Empty Doorway, empty mind

Empty Doorway blogs about a post:

For those of us who firmly believe that the direct influence of religion in politics is antithetical to genuine democracy, Bush’s highly public Christian invocations, the presence of religious advisers in his administration whose sole purpose is to ensure that U.S. policy conforms to Christian doctrine (in particular, apocolyptic prophecies related to the nation of Israel), and his direct appeals to Catholic, and now Protestant, clergy to aid him in his bid for reelection, are extremely worrisome. Yet this is apparently not enough for some on the Religious Right, who feel that Bush has done too little, too late, to court their vote. Of course, most of them will still vote for Bush, but that’s not the point. Bush hasn’t done what they apparently thought he would, or at least should do: solidify conservative Christianity’s central role in forming national policy.

What does this moron believe democracy is? Apparently the 5.3 percent of the population that is Southern Baptist are supposed to keep their mouths shut and not participate in the process, along with all the Catholics, Baptists, Methodists and assorted non-denominational Evangelical Christians. Even if he is using the term “genuine democracy” incorrectly to refer to the Constitutional American republic, it’s a weird argument to insist that the political system formed by Christian men to respect God-given rights should be sterilized of all religion.

He wants genuine democracy? So be it. The only reason that the insignificant secularist minority has any power at all is that it has been successful in using its sympathizers in the courts to use federal power to suppress the will of the majority. Fiat democrasia! Of course, if the Athenian model is any example, we’ll also be voting to execute momentarily unpopular generals, but that’s a known hazard of rule by mob.

What is truly frightening is not the sentiment expressed in such passages (especially the second one), but that groups whose members share these pernicious opinions have such a strong voice. They know how to make themselves heard, despite composing a relatively small minority of the U.S. population. They have mastered the technique of using appeals to emotion through faith and fear, to manipulate politicians and larger segments of the population into adopting their stances. Yet, it’s not enough for them that our president’s ear is ever open to their hateful nonsense, or that in decision-making, they are always in his mind. Scary stuff.

The Empty Mind is unsurprisingly more than a little weak on his math. The reason the Christian voices are so well-heard is that the Christian community is so large, a much larger “minority” than blacks, Jews or homosexuals. That’s why the Left, for all its mantra of “democracy, democracy”, fears the Religious Right and needs combat it through the courts instead of the ballot box. The secular Left is so unpopular and so numerically insignificant that it can’t even win in the strictly limited democracy of the American political system and so is forced to have its “democracy” at a third remove, by unelected judges. I’d like to hear what this guy’s definition of “genuine democracy” is, because as is clearly the case here, the use of the adjective necessitates a modification of the following noun. I suspect that in his usage, “democracy” has little to do with how historians and dictionaries have defined the term for centuries.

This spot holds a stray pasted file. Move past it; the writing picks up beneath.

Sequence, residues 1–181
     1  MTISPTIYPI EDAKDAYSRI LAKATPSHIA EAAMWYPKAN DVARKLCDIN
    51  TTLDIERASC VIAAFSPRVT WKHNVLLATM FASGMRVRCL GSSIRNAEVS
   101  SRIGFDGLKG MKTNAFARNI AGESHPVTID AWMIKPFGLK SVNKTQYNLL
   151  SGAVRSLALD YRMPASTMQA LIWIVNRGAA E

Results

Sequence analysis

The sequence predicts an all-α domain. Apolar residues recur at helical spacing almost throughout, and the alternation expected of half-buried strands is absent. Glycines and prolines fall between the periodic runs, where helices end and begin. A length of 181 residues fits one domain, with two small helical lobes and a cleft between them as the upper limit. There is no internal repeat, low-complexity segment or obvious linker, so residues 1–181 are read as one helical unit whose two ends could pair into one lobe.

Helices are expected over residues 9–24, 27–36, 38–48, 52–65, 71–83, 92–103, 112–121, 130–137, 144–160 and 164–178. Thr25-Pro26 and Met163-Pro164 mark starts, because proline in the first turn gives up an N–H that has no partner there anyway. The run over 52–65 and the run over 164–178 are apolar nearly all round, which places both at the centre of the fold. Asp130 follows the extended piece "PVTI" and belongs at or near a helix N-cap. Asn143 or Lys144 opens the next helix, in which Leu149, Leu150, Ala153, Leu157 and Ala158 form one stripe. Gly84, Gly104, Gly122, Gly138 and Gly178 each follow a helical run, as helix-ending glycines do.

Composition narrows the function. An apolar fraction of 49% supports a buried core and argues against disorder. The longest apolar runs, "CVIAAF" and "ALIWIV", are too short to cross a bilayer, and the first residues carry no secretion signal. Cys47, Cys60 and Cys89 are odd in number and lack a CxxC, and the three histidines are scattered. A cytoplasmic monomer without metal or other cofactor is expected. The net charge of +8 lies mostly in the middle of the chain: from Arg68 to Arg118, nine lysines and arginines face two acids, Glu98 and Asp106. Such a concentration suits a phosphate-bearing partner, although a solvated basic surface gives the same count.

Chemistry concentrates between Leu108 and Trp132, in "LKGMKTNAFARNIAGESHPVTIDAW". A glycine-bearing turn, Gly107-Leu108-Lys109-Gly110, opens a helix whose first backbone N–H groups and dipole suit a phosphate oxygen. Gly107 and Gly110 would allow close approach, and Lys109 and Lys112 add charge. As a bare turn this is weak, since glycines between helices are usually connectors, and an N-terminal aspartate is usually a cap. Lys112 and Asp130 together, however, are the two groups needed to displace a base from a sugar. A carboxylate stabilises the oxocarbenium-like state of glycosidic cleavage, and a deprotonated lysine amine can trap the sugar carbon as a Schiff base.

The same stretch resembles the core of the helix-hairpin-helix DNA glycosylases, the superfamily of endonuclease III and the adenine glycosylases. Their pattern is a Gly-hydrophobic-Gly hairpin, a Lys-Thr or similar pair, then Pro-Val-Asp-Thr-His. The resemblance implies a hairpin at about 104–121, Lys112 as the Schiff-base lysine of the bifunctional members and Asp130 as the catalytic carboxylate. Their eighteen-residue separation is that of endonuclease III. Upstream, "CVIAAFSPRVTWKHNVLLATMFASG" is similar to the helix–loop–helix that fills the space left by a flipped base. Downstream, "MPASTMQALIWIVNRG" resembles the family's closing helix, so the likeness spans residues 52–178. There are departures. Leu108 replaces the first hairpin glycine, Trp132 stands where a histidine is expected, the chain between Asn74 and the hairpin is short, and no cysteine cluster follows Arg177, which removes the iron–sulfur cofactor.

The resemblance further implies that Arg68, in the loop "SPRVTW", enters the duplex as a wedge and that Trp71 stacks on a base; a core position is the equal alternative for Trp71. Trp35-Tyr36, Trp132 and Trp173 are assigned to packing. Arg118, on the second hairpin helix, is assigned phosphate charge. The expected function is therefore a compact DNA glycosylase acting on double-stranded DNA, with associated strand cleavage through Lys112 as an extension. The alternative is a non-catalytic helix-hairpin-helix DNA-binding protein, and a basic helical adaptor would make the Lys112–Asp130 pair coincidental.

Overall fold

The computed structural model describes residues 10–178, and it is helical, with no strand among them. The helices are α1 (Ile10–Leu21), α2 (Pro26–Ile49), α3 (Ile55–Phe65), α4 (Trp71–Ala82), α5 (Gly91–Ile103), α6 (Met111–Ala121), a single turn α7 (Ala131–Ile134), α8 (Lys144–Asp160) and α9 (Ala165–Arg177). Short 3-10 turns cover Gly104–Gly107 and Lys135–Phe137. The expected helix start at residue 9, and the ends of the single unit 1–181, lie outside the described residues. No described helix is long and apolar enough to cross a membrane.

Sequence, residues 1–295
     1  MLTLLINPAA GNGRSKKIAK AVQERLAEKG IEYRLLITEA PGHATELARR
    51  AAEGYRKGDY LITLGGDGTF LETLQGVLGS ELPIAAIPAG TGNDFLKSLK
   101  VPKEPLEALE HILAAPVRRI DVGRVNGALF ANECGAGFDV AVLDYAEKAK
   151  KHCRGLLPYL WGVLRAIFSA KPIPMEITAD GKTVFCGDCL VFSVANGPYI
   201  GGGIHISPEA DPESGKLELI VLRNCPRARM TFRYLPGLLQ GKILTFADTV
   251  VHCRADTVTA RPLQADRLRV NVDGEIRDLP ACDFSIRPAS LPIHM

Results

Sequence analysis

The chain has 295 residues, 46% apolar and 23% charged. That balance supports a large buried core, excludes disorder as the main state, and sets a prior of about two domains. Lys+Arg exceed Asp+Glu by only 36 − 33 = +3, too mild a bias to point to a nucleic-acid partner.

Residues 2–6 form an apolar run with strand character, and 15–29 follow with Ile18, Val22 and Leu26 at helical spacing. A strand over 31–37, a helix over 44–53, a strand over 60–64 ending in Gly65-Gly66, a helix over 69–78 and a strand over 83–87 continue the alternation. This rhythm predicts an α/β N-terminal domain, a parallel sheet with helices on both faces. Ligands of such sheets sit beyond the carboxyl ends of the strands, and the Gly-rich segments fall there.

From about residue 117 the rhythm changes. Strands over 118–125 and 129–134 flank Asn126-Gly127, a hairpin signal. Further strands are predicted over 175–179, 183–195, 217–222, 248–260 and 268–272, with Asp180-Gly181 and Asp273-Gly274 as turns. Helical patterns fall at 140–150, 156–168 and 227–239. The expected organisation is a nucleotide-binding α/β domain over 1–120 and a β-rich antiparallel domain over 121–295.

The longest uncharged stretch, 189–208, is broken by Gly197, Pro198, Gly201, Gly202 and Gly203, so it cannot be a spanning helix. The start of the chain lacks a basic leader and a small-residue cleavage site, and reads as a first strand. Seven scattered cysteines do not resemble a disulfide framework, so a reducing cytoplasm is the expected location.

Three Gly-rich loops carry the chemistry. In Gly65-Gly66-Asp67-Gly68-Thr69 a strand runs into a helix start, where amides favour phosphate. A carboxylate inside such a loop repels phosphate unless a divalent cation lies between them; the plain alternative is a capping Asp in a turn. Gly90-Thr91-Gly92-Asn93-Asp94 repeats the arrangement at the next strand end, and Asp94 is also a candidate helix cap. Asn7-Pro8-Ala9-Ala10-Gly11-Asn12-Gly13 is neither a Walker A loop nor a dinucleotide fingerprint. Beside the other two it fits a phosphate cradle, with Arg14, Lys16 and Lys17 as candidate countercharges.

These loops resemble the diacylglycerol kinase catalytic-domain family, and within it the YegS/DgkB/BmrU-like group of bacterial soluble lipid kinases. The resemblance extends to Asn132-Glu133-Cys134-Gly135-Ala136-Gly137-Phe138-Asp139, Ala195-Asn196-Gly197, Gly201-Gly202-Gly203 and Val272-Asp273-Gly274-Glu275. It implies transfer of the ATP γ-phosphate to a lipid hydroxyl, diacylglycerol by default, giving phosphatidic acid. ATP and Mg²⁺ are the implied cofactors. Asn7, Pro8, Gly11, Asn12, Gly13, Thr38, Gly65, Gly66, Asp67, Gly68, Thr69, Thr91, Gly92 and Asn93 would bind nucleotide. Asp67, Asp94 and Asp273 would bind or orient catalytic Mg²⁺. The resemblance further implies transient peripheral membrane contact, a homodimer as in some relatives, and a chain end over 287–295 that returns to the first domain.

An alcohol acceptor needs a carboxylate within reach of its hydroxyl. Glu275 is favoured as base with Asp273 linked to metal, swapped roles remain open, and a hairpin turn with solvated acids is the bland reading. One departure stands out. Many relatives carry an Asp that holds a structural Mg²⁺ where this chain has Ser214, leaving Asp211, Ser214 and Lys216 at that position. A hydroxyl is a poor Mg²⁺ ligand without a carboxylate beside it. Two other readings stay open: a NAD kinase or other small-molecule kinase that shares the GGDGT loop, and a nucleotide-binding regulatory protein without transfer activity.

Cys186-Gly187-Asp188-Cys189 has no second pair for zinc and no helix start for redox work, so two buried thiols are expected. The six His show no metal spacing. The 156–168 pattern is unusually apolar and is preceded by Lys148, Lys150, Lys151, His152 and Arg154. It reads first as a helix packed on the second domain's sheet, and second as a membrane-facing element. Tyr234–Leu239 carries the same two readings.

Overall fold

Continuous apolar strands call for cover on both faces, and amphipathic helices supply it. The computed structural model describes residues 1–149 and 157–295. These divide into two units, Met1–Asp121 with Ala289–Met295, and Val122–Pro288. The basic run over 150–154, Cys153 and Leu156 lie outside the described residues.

I’d be scared too, if I looked at the world with so little understanding of what was happening around me. And now there’s more from the Vacuous One:

If you read his comments, keep in mind that I never implied Christians shouldn’t vote based on their faith. Rather, I stated that religion should not have a direct influence on policy. Recognizing the difference is apparently beyond the author’s mental grasp. I also recommend that someone buy him a dictionary, so that he can see that “constitutional republic” is a form of democracy. Naturally, I did not mean a “pure democracy,” in which each person has one vote on every policy decision.

I’m curious to know how, in a democracy of any sort, religion can fail to have a direct influence on policy if 20 percent (Empty’s estimate) of the population votes based on their faith? It’s also amusing that he should think I need a dictionary, as he specifically used the term “genuine democracy” which clearly implies some form of distinction from our constitutional republican form of limited democracy. “Genuine” is not to be mistaken for “pure”, okay…. And Mr. Webster says: “\Gen”u*ine\, a. [L. genuinus, fr. genere, gignere, to beget, in pass., to be born: cf. F. g[‘e]nuine. See Gender.] Belonging to, or proceeding from, the original stock; native; hence, not counterfeit, spurious, false, or adulterated; authentic; real; natural; true; pure; as, a genuine text; a genuine production; genuine materials.. I’m the one who needs the dictionary? Look, it’s hardly my fault that he can’t write with precision.

In addition, the author would surely benefit if someone explained the difference between Christian (general) and conservative Christian or Religious Right, the latter being a fairly small group that, if we use abortion as a rough measure (the author states that outlawing abortion would appeal to this group), comprises less than 20% of the population (we’d also have to subtract most Catholics who are strictly “pro-life” from that number for it to be accurate). At least the author demonstrates the un-Christian-like anger and condescension that characterizes his minority.